SANs to embrace IP

Highlighting what many expect to be the next trend in the SAN (storage area network) market, Sun Microsystems this week will outline its network storage strategy, which includes the capability of connecting a SAN to the enterprise network via IP.

Storage over IP would have distinct advantages over the Fibre Channel technology commonly used today, according to observers. Most notably, it would allow data to be stored and accessed anywhere, -- compared to Fibre Channel, which has a maximum-distance limitation of 100 kilometres -- and it would allow network managers to integrate their SANs with the rest of their enterprise network, reducing administrative headaches.

And many within the IT community feel passionately about the inevitability of storage over IP.

"IP is the next storage protocol," said Ron McCabe, president and CEO of MiraLink, a developer of software and hardware solutions based in Salt Lake City. "It'll beat out Fibre Channel, and it simply has to go that way. What IT guy wants to have to manage two networks?" McCabe asked.

However, technological issues still need to be overcome before IP-based SANs can realise their potential. Specifically, Fibre Channel networks carry "block data" from servers to storage devices while IP networks have a "packet data" approach, whereby the data is broken up into small chunks before transmission and reassembled at the other end.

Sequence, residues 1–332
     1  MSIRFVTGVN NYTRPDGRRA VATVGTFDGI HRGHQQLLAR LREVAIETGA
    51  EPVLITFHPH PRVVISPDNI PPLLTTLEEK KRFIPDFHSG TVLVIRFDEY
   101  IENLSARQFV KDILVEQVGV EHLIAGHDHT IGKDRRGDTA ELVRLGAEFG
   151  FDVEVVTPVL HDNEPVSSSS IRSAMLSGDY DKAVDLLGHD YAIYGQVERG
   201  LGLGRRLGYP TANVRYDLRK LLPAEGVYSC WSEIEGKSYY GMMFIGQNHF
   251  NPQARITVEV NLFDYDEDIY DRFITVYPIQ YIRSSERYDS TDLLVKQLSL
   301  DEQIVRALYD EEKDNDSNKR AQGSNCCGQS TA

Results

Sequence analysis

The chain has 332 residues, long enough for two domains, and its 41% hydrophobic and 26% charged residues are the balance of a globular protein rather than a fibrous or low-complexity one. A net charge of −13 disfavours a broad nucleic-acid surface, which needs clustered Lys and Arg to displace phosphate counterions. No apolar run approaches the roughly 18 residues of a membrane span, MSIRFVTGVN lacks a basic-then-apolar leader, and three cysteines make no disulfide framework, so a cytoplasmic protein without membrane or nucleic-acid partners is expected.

"The challenge is how to move block data over IP networks," explained Steve Duplessie, a senior analyst at Enterprise Storage Group (ESG), in Massachusetts. "And what's going to revolutionise things is when technology companies learn to send that block data in order, over an IP network, and compile things on the other end in the appropriate sequence. And you will see things like that happening this (northern) summer."

One company expected to make such an announcement this summer is Nishan Systems, which will begin beta testing its SOIP (storage over IP) technology next week. Nishan's SOIP technology actually moves block data over an IP network in the proper order, making it possible for critical storage data to move in real time over the internet, according to Randy Fardal, vice president of marketing at Nishan.

Not surprisingly, SAN vendors that have invested in Fibre Channel technology believe there is still a need for that technology. Donald Swatik, vice president of strategic planning at EMC, for example, said that he feels Fibre Channel and IP will coexist as data transfer solutions for at least five years.

"It's the order (that the data travels) that matters," Swatik said. "If you're an airline, and you're taking seating reservations, that data has to move in exact order, and that's where Fibre comes in. IP will be just another component that will expand the utility and the value of SANs," he added.

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